While I did some tutoring on the side, both as an undergraduate as well as when I was in graduate school, I never really did it for the money. I did it because I thought science was the coolest thing on earth and I wanted to infect other people with my excitement for the subject. Now, all I can say is thank goodness for WyzAnt!! This is my "other" part time job and at times it is the only thing keeping me afloat in this economy! Believe it or not, the WORST thing I did was to get my Master's degree - I've overqualified myself out of a full time job! Nobody wants to hire qualified people with higher amounts of education when they can pay someone with less education at a lower rate - and with no benefits. Sadly, this is the first time I have ever experienced a job market where those who have done MORE are worth so much LESS. But WyzAnt knows better and thankfully they have made it easy for me to find clients and work at a per hour rate that reflect my skill and educational...
While I would love to spread the love about how wonderful WyzAnt is - and believe me, I do! - Facebook is just not my preferred place to do it. In fact, this is one of the few places that I blog at all. I am not a fan of social media because I believe that it is extremely dangerous and I don't particularly want to share a great deal of my personal information with the world at large. This, however, is a bit different in the sense that it is focused on specific topics related to education and (maybe) our experiences in that arena only. It is designed to be a helpful conversation area with a specific purpose since most of us cannot actually get together and converse face to face.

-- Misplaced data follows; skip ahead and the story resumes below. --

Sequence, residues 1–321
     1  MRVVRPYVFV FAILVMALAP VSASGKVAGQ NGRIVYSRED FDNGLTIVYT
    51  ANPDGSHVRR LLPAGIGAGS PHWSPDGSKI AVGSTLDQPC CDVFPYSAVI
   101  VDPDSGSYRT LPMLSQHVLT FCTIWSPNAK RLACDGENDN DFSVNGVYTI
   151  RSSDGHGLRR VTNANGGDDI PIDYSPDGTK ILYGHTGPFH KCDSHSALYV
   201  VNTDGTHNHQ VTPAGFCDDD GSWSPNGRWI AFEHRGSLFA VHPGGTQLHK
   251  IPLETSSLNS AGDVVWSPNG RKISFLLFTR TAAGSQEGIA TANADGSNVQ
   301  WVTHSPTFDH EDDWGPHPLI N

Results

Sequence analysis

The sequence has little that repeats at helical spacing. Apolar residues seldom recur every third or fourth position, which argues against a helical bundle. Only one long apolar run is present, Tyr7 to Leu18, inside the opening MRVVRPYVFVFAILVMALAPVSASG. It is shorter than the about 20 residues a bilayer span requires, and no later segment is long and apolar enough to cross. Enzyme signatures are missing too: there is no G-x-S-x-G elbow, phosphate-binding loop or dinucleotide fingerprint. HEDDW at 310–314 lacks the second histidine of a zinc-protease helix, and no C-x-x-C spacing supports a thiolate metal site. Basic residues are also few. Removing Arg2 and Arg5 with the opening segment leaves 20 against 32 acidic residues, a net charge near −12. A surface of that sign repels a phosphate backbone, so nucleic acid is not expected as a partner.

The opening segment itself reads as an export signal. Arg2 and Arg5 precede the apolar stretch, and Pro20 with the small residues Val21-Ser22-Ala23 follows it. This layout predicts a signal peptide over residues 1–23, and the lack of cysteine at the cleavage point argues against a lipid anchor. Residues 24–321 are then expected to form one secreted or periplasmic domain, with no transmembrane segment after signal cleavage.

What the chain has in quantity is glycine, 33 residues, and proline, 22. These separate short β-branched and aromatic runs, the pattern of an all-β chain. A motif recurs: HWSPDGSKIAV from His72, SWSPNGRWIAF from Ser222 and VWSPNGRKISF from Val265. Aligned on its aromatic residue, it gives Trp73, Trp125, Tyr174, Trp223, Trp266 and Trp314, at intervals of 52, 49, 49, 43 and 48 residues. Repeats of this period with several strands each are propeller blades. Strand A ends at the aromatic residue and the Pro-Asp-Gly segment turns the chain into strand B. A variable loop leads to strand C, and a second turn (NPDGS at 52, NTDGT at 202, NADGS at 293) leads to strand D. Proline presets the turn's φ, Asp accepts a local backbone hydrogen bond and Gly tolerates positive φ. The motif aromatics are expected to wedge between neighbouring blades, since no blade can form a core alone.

Some students are conditioned to struggle with science because they have "science phobia". Not all, but some ... And I have to agree that the more we learn and the more technological our world becomes, the more scientific information there is to learn and understand. That doesn't suddenly mean that it becomes less fun or that we change the way we go about learning it. Experiments, visual aids, manipulatives, etc. are all still effective tools.
Two of the tools that I like to use are silly mnemonics that the students make up themselves, especially if there isn't one commonly in use (such as Kings Play Chess On Fine Grain Sands - we all know this one...). I find the sillier, the more easily remembered. I also like to find one specific technique that works well for each individual student, such as making their own flash cards, drawing flow charts, listening to their notes on tape, writing questions and answers, doing mini experiments or other learning techniques. Whatever...
I currently teach Biology on-line as well as tutoring, and while I much prefer the face-to-face aspect of teaching, on-line can work. In my current situation, the students can see and/or hear us, but can only type back. In a tutoring situation where I would hope it would be one on one or a very small group of say, no more than three, I would hope that the vocal or video communication would be both ways. Typing just takes too long and I would not feel right taking a student's money if they are spending a significant potion of their learning time just asking the question.